Shenzhen 2019 Round 4: What it takes to beat the most solid chess player in the world!
by Sagar Shah - 21/04/2019
Ding Liren is one of the most solid and objective players in the chess world. It is not without reason that he had an unbeaten streak of 100 games. In November 2018 he had reached an Elo of 2816. After Carlsen and Caruana he is currently the number three player in the world. How do you beat such a formidable opponent? Well, Harikrishna did this seemingly impossible task by playing some phenomenal chess at the fourth round of the Shenzhen Masters 2019. He played an off beat opening, kept posing his opponent small problems in the queenless middlegame, and finally took advantage of Ding Liren's minute errors to register an emphatic victory. Full analysis by IM Sagar Shah.
Until round 4 Shenzhen Masters has witnessed only three decisive games and Harikrishna has been involved in all three of them. A loss to Anish Giri, a win against Richard Rapport and in the fourth round Hari scored one of the biggest wins of his chess career against Ding Liren.
How to beat the most solid chess player in the world?
Ding Liren is 2800+ GM and after his streak of 100 unbeaten games, it is safe to say that he is the most solid GM in the world. His objectivity, sense of danger and tremendous calculation skills make him a formidable opponent. How did Harikrishna beat him? Let's have a look.
Harikrishna vs Ding Liren
Usually the d2 square is reserved for the knight on b1. However, Hari's opening idea is pretty clear. It is aimed against ...Na5 and ...c5. If Black is prevented from making this move then he has to activate his light squared bishop. If he goes ...Bb7, then a4, is the main move and if he goes ...Bg4, then we have the game.
When Hari played the move h3, it seemed as if Ding Liren would retreat his bishop back to e6 or d7. However, he played ...Bh5. And this is quite a risky move. The bishop may become irrelevant on the other side of the board with the play taking place on the queenside and the centre.
The queens came off and it seems as if Black should be better here. Mainly because he is so well developed and his rooks will be the first ones to reach the open d-file. However, this is not a position where activity will trump static factors. Black has to do something concrete otherwise, White will regroup and from a long term basis have a small edge because his position has no real weaknesses, while there is a gaping hole on d5 for Black and also White always has the ability to play a4 to open up the queenside.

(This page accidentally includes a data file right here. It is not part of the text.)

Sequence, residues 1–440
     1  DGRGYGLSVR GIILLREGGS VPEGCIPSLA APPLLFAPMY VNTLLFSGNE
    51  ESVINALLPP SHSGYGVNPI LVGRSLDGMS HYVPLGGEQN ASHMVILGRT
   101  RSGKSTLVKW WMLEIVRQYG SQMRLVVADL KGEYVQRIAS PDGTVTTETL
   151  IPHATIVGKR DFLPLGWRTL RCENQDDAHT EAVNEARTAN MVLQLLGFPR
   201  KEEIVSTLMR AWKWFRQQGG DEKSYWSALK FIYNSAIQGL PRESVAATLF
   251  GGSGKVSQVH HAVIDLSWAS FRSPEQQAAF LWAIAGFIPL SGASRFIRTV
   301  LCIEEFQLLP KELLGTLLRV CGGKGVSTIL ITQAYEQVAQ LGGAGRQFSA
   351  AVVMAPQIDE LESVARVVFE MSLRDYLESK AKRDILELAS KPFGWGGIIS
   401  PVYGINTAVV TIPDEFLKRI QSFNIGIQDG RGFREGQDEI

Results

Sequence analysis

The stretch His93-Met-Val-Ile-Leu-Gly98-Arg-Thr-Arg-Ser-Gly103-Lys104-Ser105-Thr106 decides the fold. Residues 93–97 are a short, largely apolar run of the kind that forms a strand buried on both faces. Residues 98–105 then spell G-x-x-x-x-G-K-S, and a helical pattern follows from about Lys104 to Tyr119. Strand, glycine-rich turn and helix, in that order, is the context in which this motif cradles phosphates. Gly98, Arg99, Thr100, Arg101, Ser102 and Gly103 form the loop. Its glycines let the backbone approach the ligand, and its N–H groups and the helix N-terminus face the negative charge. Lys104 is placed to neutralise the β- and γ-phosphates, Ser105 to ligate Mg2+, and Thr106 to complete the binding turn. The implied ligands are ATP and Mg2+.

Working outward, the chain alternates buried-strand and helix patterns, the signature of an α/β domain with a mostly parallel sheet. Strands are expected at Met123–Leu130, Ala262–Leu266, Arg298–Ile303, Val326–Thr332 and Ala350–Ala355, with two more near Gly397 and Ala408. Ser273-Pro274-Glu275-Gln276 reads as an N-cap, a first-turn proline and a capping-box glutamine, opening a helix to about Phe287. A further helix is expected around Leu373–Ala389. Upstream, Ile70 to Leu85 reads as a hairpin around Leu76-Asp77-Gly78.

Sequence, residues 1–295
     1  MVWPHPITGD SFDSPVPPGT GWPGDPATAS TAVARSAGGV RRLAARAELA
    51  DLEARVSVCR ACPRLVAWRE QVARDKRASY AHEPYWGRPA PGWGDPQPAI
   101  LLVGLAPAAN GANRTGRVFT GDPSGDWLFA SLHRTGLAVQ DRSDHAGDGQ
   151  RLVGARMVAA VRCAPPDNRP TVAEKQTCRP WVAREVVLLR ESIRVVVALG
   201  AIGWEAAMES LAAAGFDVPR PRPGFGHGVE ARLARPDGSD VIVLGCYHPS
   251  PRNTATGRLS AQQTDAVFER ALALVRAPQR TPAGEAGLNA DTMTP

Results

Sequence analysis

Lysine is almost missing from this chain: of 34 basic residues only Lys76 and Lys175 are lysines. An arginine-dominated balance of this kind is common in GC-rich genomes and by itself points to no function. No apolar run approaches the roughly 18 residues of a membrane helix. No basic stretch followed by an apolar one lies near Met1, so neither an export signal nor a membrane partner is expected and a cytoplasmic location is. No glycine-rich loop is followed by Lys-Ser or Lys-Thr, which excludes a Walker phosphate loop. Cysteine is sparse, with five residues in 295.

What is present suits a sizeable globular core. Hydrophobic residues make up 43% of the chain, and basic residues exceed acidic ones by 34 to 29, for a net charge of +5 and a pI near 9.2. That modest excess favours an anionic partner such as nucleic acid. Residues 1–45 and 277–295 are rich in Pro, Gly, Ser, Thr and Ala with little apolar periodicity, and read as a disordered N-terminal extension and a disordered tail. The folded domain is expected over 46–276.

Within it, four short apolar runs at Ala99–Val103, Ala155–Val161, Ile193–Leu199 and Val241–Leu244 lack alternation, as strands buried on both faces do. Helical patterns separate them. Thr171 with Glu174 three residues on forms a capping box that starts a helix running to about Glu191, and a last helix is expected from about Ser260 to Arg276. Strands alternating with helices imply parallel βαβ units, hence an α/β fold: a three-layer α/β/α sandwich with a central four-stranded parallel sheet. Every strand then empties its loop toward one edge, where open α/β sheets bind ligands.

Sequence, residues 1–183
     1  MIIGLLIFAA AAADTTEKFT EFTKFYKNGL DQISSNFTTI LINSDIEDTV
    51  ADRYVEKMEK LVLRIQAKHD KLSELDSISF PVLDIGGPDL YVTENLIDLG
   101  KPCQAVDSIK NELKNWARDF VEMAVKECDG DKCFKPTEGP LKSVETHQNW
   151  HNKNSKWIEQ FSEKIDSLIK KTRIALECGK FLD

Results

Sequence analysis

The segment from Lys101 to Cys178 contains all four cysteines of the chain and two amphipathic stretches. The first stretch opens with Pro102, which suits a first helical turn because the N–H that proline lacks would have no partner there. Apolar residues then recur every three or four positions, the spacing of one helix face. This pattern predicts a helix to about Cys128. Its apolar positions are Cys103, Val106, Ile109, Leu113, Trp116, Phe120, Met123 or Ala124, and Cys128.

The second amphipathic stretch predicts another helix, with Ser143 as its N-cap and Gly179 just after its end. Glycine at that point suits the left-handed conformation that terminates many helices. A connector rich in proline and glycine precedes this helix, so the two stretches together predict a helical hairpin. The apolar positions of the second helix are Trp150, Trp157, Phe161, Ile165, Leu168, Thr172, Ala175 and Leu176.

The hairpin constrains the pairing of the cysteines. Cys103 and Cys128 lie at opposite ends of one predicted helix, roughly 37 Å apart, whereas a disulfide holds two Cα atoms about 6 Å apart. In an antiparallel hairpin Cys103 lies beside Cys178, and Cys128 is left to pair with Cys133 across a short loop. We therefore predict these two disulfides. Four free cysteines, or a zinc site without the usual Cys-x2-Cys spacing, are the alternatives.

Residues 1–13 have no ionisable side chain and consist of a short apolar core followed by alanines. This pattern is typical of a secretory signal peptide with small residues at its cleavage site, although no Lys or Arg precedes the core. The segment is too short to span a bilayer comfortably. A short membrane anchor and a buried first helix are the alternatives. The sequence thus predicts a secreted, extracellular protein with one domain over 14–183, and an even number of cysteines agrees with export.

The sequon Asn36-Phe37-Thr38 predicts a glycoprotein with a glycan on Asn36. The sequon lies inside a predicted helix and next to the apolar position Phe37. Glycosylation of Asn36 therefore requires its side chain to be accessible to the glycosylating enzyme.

Nh4! A small little tactic by Harikrishna. The e4 pawn is hanging tactically, but Hari had it all covered. Check the game analysis for detailed annotations.
It was really nice to see how Ding Liren created play on the queenside. His last move c4 was a classy pawn sacrifice. It cleared the c5 square for the knight and the rook is ready to swoop into d2.
At this point it did seem that Harikrishna was under a lot of pressure, but the Indian GM hung on.
Ding had better ideas like g6 followed by Bh6 instead of ...a5. This allowed Harikrishna to find some interesting defensive resources like Re2! here. The bishop cannot be taken on d3 as the rook on b2 is hanging. After this move, the rooks had to be exchanged and White got a clear edge thanks to his extra pawn.
The extra pawn making all the difference!
Black's key error was Bc5-d4. Hari followed up with Ba4 and picked up the a5 pawn without any compensation
The rest as they say is a matter of technique. Also because Nxf2 is met with Bc2. Harikrishna slowly built up his position and scored the full point
Harikrishna's win analysed by IM Sagar Shah
Hari now joins the leader Anish Giri at the top. Mind you, this is a double round robin event and hence, we still have six more rounds to go!